Article: "Leaders often fail due to isolation and inability to learn"

Leadership

"Leaders often fail due to isolation and inability to learn"

Robert S. Kaplan about building a leadership pipeline, his latest book, "What you are really meant to do", and more…
"Leaders often fail due to isolation and inability to learn"

Your book "What to ask the person in the mirror" is about the critical questions a leader needs to ask himself. What leads to the conceptualization of the book? Why is good leadership so scarce despite being so widely talked about?

I wrote this book to emphasize that leadership is more about asking the right questions than having all the answers. Leaders must learn to frame issues, debate and discuss and then make decisions. It involves working with others and learning to step back and reflect. I also wanted to emphasize the importance of articulating a clear vision with priorities----then focusing on aligning the organization and your leadership style to the vision and priorities.

What are the three most important steps that a person needs to take to become a more effective leader?

First, you have to do an assessment of your own strengths and weaknesses. You have to understand your own passions. Then, you need to figure out how to match those skills and passions to adding value to others. Armed with those three steps, leaders learn to figure out what they believe (usually by asking questions and listening) and then acting on those beliefs in a way that adds value to others.

What are the three things which could prove to be deterrents for a person in his/her leadership journey?

Leaders often fail due to isolation and inability to learn. They fail to understand themselves and where they organization is out of alignment----this failure can be due to an inability to ask questions and be open to learning.

How does a leader's personality impact organizational and individual effectiveness?

Each person is different. Each person needs to develop a leadership style that fits them but also fits the needs of their job.

You talk about a deep bench being vital for leadership succession? How does a presence or a lack of a deep bench impact organizational excellence? If you believe my premise that a leader needs to ask questions and learn from others, then who is he or she going to learn from?

You need a team of strong performers. A lack of bench/talent will normally undermine the effectiveness of a leader and the organization. You can't do this alone.

Few organizations are able to develop an effective succession plan. When it has been repeatedly proved that succession planning is effective to sustained success, what is that stops them?

Great organizations learn to do this. Insecurity is one big reason why leaders fail to develop successors---they think they are making themselves indispensable. In reality, lack of succession undermines leadership effectiveness. Great companies train leaders to connect the quality of their team with their own success.

How do leaders impact organizational ethics? In the wake of the recent corporate crises what are the five things that leaders could have differently done in order to avert those?

Leaders must articulate a clear vision for how the organization adds values to others. They must set the tone and be role models for ethical behavior. In recent crises, leaders sometimes articulated money rather than adding value as the aspiration. When a leader sends this message, it may suggest that money comes ahead of doing the right thing.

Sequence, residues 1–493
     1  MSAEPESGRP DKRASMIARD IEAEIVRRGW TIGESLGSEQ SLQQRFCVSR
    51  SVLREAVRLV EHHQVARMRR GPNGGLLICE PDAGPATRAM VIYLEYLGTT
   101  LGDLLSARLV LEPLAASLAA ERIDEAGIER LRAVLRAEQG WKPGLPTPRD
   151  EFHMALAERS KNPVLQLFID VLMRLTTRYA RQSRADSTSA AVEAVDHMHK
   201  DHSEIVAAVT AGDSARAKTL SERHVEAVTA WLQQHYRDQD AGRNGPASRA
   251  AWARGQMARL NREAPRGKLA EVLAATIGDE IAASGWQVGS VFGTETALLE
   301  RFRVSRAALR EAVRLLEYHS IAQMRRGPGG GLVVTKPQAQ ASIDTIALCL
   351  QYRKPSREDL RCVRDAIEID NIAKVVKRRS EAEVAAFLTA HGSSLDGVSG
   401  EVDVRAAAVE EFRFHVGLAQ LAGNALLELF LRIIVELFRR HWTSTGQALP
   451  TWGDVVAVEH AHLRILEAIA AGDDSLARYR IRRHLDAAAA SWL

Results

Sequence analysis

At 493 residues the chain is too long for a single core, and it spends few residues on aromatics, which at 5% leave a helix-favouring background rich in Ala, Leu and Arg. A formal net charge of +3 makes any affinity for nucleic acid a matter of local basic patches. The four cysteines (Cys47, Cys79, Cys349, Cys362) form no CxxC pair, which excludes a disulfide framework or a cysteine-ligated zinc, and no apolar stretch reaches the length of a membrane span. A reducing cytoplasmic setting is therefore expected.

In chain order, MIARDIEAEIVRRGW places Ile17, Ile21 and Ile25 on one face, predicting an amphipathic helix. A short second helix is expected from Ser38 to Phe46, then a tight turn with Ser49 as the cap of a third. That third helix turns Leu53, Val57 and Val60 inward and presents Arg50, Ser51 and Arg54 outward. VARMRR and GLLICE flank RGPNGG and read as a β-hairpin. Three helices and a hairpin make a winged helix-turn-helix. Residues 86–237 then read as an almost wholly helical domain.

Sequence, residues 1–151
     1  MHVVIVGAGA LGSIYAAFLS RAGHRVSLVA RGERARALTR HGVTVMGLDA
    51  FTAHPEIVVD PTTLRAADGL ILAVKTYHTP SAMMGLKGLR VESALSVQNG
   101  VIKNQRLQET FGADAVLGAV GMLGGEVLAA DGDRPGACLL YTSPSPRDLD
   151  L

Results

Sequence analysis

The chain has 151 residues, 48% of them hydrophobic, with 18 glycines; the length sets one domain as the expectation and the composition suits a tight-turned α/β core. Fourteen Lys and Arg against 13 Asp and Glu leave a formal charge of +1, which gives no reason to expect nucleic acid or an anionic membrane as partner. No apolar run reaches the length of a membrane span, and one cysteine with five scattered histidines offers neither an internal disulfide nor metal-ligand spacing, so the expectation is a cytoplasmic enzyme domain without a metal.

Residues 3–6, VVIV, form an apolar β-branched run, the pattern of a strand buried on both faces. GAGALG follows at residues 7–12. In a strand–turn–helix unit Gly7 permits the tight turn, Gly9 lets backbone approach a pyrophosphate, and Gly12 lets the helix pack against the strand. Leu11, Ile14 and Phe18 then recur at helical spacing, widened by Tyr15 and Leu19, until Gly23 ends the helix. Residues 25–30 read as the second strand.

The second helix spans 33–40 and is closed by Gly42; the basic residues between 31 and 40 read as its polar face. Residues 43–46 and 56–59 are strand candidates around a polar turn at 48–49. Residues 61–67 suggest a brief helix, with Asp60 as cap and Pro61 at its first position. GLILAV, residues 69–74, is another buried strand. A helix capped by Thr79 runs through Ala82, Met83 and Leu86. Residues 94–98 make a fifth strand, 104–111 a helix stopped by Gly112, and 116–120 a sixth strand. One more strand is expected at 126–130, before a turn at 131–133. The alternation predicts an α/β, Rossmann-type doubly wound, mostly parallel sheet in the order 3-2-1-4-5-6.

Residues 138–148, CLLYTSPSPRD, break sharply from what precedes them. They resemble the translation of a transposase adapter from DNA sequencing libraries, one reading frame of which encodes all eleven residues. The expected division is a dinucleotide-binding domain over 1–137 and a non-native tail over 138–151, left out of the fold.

Your latest book, "What you are really meant to do" is about recognizing your unique strengths and working towards reaching your unique potential. Why is it important to find one's unique potential?

Every person is different. Great companies help employees learn to take ownership of their skill development and reach their own unique potential versus creating a cookie cutter career path. When people can be themselves and be at their best, the company will perform better. This is about owning your own development but also taking ownership of the company.

At the middle management level experience is generally valued more and organizations tend to look at prior experience while hiring for a particular role. A person who has spent 10 years in HR realizes that operations is what he enjoys, how does he make that shift when hardly anyone is willing to give him the opportunity?

You have to make a compelling case why the shift fits your skills and passions. You may need to have enough passion to be willing to take a step back in order to eventually move forward. The sooner you make the shift the better----it will be easier to make the case and the step back may be less painful to stomach.

Should HR managers be looking at assessing people potential for hiring, promotion and development as compared to past performance in order to achieve organizational effectiveness? If yes, what will be the best way to make that shift?

Leaders need to look at several factors. Past performance is one factor----but you have to know the person well enough to gauge their future potential. There's no substitute for getting to know a person.

What are the three most important questions that organizations, individuals and leaders need to ask themselves to identify their unique strengths and attain their potential? Do you seek coaching? Does the organization encourage blunt and direct feedback? Are employees encouraged to take ownership of understanding their strengths and weaknesses?

This is about processes but it is also about mindset.

Robert S. Kaplan is the Martin Marshall Professor of Management Practice in Business Administration and Senior Associate Dean for External Relations. He is also co-chairman of Draper Richards Kaplan Foundation, a global venture philanthropy firm, as well as chairman and a founding partner of Indaba Capital Management LLC.

Topics: Leadership

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